You've hit on a part of the world dear to me.
In April I bought a two-week Rover ticket from Caledonian Macbrayne and toured both Inner and Outer Hebrides.
I started at Ardrossan, to Arran, then the Kintyre peninsula, Gigha, the wonderful Islay and Jura, and back up through Glencoe to Oban.
I used Oban as a base for a few days, taking in Mull and Iona.
Then it was up to Plockton and across the bridge to Skye, staying in Portree.
Next was across to Harris, riding into Lewis, staying in Stornoway as a base.
I left for home after some minor mechanical mishaps, so missing out on Barra and Berneray and so on.
The suggestions given so far are first rate. Glen Coe is a great road, just don't get stuck on it at night. Oban seems like a vast metropolis after the solemnity of Islay.
Which way are you going to Harris? I travelled from Uig on Skye, where it is best to fill up with fuel, where there is tourist information, and where there a decent eatery. Oh, and some good Skye ales. yum.
When you are in Harris, try a loop of "The Golden Road", so called because of the vast fortune it cost to build it. To get to it, go left up the hill out of the Tarbert ferry port, and it will be signposted left further up the road. It develops into a twisting singletrack road.
There's not much in the way of amenities, just farms, grids, sheep and such, but the little lochs, heather and rocks are great for photography, and the light is excellent at dusk.
Or, instead of turning off onto the Golden Road, keep straight on from the road left out of Tarbert to reach some white sandy beaches round near the Sound of Taransay.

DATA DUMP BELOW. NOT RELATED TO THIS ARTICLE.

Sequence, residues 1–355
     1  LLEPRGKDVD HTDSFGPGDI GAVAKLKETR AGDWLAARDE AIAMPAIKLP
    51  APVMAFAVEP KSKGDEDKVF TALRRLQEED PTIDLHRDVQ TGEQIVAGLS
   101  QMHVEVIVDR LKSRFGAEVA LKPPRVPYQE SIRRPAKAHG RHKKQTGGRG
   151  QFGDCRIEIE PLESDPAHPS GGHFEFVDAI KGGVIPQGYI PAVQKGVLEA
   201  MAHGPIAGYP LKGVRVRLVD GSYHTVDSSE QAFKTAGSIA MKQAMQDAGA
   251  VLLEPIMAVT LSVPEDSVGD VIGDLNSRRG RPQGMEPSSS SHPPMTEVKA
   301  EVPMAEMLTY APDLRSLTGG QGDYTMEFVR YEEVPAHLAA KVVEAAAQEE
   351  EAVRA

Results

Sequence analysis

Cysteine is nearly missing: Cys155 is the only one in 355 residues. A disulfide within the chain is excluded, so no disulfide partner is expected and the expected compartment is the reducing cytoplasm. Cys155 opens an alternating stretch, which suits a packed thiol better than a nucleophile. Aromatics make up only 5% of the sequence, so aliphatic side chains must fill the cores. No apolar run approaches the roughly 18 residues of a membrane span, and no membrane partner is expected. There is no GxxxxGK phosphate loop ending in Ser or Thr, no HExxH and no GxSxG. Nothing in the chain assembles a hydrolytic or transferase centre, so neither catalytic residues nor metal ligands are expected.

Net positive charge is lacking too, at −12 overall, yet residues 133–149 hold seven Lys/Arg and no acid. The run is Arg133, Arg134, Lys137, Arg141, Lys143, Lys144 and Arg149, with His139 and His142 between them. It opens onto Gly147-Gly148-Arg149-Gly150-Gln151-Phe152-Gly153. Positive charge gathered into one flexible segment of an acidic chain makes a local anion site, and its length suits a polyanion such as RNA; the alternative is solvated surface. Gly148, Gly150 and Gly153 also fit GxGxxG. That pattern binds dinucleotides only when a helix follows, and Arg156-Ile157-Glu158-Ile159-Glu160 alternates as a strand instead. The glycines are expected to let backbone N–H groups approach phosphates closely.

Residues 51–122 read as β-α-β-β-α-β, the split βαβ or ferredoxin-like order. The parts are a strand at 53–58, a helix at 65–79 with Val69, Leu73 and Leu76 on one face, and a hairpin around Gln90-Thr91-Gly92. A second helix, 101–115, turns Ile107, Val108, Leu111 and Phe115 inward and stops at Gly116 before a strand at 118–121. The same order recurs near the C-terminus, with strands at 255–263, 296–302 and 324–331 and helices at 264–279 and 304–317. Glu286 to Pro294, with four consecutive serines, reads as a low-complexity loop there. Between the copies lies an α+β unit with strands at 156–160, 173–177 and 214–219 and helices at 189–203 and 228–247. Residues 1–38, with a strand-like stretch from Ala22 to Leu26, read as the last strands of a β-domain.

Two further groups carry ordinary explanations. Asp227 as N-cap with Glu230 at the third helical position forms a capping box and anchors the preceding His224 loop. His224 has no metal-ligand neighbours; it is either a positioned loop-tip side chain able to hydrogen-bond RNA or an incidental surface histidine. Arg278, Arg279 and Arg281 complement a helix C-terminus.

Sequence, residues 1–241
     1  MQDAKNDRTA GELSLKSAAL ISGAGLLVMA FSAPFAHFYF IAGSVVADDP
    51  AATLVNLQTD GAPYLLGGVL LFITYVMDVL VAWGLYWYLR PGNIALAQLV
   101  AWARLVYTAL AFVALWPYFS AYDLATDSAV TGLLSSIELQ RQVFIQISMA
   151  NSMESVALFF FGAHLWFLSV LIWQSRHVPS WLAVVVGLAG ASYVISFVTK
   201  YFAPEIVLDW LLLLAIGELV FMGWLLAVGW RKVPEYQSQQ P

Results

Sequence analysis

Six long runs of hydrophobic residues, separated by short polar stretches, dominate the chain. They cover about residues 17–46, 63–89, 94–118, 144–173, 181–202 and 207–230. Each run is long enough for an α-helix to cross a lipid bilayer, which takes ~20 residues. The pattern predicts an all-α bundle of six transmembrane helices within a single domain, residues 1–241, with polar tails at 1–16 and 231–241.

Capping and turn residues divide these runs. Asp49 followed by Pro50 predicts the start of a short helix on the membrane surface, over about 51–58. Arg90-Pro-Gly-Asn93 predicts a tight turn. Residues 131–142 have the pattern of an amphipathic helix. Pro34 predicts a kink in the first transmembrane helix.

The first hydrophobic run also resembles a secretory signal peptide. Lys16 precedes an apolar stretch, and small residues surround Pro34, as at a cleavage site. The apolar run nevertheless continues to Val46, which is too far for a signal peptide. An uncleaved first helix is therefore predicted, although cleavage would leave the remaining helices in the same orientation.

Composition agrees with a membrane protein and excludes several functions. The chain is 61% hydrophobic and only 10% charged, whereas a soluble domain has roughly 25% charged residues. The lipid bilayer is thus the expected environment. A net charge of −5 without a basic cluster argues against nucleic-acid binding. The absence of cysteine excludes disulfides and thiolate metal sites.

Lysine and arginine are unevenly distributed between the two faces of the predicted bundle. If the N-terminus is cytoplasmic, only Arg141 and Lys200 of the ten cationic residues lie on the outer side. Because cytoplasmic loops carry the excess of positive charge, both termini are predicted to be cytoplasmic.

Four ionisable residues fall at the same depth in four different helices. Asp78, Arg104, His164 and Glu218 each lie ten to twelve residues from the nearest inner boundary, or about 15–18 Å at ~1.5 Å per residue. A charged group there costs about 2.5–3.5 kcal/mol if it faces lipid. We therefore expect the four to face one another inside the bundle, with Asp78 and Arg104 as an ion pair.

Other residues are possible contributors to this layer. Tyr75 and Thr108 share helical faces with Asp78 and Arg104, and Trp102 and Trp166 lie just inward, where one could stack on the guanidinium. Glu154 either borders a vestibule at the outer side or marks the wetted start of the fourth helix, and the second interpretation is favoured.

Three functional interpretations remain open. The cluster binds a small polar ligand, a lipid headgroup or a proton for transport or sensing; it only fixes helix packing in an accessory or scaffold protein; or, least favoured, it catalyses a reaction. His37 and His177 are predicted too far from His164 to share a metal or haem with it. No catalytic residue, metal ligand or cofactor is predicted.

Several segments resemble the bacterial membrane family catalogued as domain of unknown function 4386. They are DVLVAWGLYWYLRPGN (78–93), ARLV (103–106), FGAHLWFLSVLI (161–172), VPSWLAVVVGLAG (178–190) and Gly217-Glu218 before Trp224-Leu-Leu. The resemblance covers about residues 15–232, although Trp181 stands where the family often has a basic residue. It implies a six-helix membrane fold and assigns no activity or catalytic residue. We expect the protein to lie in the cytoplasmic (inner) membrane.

Back at Tarbert, take a right on the main road towards Stornoway in Lewis. Not far down the road there are views to the left where you can see sheep on the beach eating seaweed.
tarvelling up the hill, watch out for quarry traffic and rock dust, and continue climbing out of Harris until you turn back first left, then right down a mountainside, until you reach the bottom and signpost telling you you are entering Lewis.
Midway down that road you should have passed a signpost off the road on your left-hand side. This is for the Harris Walkway, where alledgedly there are good views of eagles.
Back on the road, it's a well surfaced ride most of the way to Stornoway. As soon as you enter Stornoway, there is Lewis Tyres on your left (whose services I had to use).
They don't keep motorcycle tyres in stock, but can get them within two days.
There are some B&Bs along next to the ferry port, where there is also a BP filling station, where you may meet some local riders.
Lews Castle is a bit run down, but the grounds are worth a walk.
Stornoway is a big town, so has the local hot hatch clans. The police seem to have more time though, as witnessed when they pulled over one of them for driving about with foglights on.
The Butt of Lewis is worth a visit if you are a keen birdwatcher. The Gneiss rocks are covered in gulls and shag, and there are oystercatchers on the nearby beaches.
Dun Carloway, as also mentioned, is good for photography, with views over the smaller islands.
Make sure to visit Arnol, where you can see the Black house and White house, examples of Lewis homes.
The White house is the newer one, and the black house was occupied until about the 1920s.
At it's heart is an open peat fire, and has a built-in byre.
Calanais standing stones are older than Stonehenge, and shaped like a Celtic Cross. Definately visit here, and the smaller stone arrangements within walking distance.
I never had any plans in concrete, instead working things around the ferry timetables.
There are some photographs here...